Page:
Wolseley residents try to put out a fire on a main road in the area on Wednesday. Empty wooden crates were set alight allegedly by protesting farmworkers. Picture: Henk Kruger
Wolseley residents try to put out a fire on a main road in the area on Wednesday. Empty wooden crates were set alight allegedly by protesting farmworkers. Picture: Henk Kruger

Cape Town - A morning of violent clashes with protesters in Wolseley climaxed with police opening fire on a group of strikers on Wednesday.

Twenty-eight-year old Michael Daniels was shot in the back as he turned to flee an approaching police line.

Late on Wednesday, thousands of empty wooden crates stacked 10m high were burning in the town as protesters vented their fury.

Police spokesman Lieutenant-Colonel Andre Traut confirmed Daniel’s death, but refused to comment on whether live rounds were used.

According to witnesses, two officers had apparently fired warning shots into the ground with their service pistols.

The Cape Argus spoke to Edwin van Wyk, who was standing next to Daniels when he was shot.

“He was immediately unconscious. I called him twice and then lifted his shirt to see where the blood was coming from.

He was not bleeding too much but he was limp and foaming at the mouth. He was dead,” Van Wyk said.

Van Wyk begged police to call an ambulance and to attend to Daniels.

Police negotiated with protesters to stop throwing rocks and drove a police van to where Daniels lay.

Van Wyk lifted his body into the van and four other people with injuries were also helped.

One of the injured men, Jonathan Malgas, said they had to look at Daniels’ body in the van.

“It was awful. He was ice-cold. His face wasn’t covered. We had to sit there and look at him,” he said.


Jo-Anne Otto, principle communication officer for Cape Winelands Health, could not confirm how Daniels died, saying that he was dead on arrival.


Daniels’ mother, Magdalena Daniels, who lives in Pine Valley, said her son had been on his way to work on Wednesday morning when the protests in Wolseley started.

Daniels was a worker on a fruit farm and the only breadwinner in the household, she said. He had earned R350 a week.

Outside the police station, a crowd gathered, baying for the blood of the officers who had opened fire.

Community Safety MEC Dan Plato met community leaders and later addressed the crowd.

Plato expressed his condolences to the family and said that the Independent Police Investigations Directorate (Ipid) would take over the investigation.

Skirmishes between police and protesters went on throughout the day.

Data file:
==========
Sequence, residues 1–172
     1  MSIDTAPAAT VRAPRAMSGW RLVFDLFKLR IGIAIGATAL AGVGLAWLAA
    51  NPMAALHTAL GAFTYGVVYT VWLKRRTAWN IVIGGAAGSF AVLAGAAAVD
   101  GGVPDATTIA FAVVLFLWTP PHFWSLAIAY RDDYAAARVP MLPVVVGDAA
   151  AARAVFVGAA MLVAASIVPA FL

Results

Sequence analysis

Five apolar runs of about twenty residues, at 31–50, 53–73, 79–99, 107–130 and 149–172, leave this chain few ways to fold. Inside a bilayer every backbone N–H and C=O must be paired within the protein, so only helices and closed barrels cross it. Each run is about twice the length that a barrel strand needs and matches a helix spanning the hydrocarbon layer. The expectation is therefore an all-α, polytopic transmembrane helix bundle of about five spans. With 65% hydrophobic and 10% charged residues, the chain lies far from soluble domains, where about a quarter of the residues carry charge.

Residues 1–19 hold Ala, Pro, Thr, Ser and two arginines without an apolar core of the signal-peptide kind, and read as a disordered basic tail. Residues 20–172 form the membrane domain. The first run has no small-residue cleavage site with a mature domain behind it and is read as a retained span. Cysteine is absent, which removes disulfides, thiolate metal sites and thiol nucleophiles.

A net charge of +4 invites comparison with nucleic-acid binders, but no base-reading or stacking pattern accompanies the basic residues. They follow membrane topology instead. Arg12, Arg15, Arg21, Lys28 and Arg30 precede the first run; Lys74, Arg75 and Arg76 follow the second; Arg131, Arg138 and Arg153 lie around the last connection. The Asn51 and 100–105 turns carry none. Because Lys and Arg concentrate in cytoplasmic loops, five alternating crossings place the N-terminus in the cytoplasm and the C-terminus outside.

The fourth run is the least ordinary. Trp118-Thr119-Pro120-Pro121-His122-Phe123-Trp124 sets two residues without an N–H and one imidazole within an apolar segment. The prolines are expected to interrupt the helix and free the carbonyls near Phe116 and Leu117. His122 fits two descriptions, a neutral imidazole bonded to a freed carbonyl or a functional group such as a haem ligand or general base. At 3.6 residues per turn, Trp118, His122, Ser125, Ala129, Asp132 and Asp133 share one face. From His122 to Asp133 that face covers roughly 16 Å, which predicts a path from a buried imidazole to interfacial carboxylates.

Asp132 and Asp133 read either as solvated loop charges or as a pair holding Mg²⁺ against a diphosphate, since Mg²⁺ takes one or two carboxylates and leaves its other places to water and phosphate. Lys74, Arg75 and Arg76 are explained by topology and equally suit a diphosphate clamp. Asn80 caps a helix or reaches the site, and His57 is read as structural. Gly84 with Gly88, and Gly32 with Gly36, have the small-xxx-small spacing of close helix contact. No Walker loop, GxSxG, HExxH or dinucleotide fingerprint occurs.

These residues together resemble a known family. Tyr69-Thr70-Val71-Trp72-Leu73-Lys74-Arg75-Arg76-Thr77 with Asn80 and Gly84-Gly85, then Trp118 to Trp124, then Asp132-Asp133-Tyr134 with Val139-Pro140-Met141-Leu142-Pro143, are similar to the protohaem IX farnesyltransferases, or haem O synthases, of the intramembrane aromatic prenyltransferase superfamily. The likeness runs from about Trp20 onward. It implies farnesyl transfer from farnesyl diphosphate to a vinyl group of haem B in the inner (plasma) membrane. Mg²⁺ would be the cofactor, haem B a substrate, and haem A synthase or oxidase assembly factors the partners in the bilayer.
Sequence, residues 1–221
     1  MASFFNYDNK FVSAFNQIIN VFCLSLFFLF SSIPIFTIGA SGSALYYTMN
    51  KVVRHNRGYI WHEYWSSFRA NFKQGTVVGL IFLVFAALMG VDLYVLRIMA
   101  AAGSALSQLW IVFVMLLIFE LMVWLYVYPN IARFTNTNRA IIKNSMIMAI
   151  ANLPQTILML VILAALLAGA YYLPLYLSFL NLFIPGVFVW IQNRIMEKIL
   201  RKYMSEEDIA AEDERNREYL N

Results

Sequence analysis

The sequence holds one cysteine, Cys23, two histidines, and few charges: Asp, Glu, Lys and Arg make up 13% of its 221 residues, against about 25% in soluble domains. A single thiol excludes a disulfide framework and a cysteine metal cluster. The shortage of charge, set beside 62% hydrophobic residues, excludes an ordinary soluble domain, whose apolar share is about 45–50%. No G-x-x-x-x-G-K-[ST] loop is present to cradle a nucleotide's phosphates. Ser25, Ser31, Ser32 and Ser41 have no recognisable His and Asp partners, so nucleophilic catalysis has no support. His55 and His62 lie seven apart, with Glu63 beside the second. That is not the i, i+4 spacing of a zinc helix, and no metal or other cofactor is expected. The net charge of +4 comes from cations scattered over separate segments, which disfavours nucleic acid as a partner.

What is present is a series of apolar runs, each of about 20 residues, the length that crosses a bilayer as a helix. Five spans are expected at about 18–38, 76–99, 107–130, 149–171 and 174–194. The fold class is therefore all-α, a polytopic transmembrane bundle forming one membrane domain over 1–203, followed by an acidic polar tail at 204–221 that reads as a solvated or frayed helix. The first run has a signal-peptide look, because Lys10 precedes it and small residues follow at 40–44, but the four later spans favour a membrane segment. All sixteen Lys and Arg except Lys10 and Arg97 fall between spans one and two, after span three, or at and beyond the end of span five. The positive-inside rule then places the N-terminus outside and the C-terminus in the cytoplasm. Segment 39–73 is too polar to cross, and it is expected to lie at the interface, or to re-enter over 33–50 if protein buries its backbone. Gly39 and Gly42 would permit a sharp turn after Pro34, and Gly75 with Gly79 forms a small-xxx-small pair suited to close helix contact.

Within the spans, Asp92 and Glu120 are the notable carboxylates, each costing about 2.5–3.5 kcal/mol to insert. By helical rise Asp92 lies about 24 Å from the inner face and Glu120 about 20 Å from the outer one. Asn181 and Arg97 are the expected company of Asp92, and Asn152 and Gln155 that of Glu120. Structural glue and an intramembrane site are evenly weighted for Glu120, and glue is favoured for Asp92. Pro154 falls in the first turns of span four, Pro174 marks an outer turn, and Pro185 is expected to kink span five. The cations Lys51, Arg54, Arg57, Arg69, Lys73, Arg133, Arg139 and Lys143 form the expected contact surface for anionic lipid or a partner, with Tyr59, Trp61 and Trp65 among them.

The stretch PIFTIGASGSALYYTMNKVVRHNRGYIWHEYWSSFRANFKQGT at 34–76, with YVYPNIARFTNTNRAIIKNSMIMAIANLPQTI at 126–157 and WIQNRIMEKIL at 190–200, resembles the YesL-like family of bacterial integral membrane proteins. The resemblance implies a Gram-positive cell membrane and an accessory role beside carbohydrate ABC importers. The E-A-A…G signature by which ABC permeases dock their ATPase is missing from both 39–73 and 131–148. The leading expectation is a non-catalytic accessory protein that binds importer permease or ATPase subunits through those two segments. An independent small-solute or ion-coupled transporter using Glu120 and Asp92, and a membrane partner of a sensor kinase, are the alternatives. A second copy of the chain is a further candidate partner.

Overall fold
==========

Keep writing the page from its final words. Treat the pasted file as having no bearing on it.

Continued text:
In Ceres, farmers blocked the only entrance into the town from Cape Town with piles of rubble, stones and sand on Wednesday.

Kanonkop farmer Hennie du Preez, one of about 10 involved in blocking the R46 about 25km outside of Ceres, said they wanted to protect Breede Valley farms from protesters.

Du Preez said the farmers blocked to road to prevent any problems near their farms.


Grape harvesters in the Hex River Valley have been protesting for over a week about their wages, demanding R150 a day.

Most earn between R69 and R75 a day, with R80 being the highest and only offer from farmers so far.

Agri SA labour policy commission chairman Anton Rabe said a minimum wage of R70 a day would look bad to the uninformed, but there were other aspects that affected this figure.

Many farmers were supplying workers with transport, accommodation and training.

He said close to 40 percent provided after-school services and 23 percent provided medical facilities on site.

The government on Wednesday activated the Provincial Disaster Management Centre to deal with the wide-scale protests in the agricultural sector. The centre, at Tygerberg Hospital, co-ordinates emergency services across the province in times of crisis.

On Wednesday, Premier Helen Zille said the centre received reports in real time where fires were burning and roads were closed, which guided them on how best to deploy resources.


Emergency services are stretched to capacity and Zille has called on President Jacob Zuma to send in the army to protect lives and property.

Jacky Pandaran, director of operations at the centre, said 12 regions had been affected across the province.

Shortly before 7pm on Wednesday night, provincial police spokesman Traut said : “Things seem to be calming down as we approach sunset. But we are still monitoring a number of places very closely, including Wolseley, Ceres and Robertson, which are of concern.”

At the time of going to press last night, no active protest actions were reported by police.

Traut said various incidents that took place on Wednesday were being investigated, including the attack on the police vehicle at Wolseley.

He said this was being investigated “at a high level”, but he was not authorised to comment further on the matter.

“We cannot allow our members to come under attack,” Traut said.

Cape Argus